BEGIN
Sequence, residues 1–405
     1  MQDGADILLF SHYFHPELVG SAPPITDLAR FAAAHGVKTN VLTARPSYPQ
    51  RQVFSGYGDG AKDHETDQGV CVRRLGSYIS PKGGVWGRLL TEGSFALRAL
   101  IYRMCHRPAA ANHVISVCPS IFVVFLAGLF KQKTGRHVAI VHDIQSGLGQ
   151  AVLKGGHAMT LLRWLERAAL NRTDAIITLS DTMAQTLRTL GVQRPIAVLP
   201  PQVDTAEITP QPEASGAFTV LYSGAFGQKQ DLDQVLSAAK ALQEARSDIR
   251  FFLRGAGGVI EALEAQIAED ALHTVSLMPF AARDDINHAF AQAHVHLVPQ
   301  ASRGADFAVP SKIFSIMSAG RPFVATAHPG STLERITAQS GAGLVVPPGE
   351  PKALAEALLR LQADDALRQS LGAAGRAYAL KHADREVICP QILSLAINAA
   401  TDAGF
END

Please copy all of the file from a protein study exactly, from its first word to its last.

Sequence, residues 1–405
     1  MQDGADILLF SHYFHPELVG SAPPITDLAR FAAAHGVKTN VLTARPSYPQ
    51  RQVFSGYGDG AKDHETDQGV CVRRLGSYIS PKGGVWGRLL TEGSFALRAL
   101  IYRMCHRPAA ANHVISVCPS IFVVFLAGLF KQKTGRHVAI VHDIQSGLGQ
   151  AVLKGGHAMT LLRWLERAAL NRTDAIITLS DTMAQTLRTL GVQRPIAVLP
   201  PQVDTAEITP QPEASGAFTV LYSGAFGQKQ DLDQVLSAAK ALQEARSDIR
   251  FFLRGAGGVI EALEAQIAED ALHTVSLMPF AARDDINHAF AQAHVHLVPQ
   301  ASRGADFAVP SKIFSIMSAG RPFVATAHPG STLERITAQS GAGLVVPPGE
   351  PKALAEALLR LQADDALRQS LGAAGRAYAL KHADREVICP QILSLAINAA
   401  TDAGF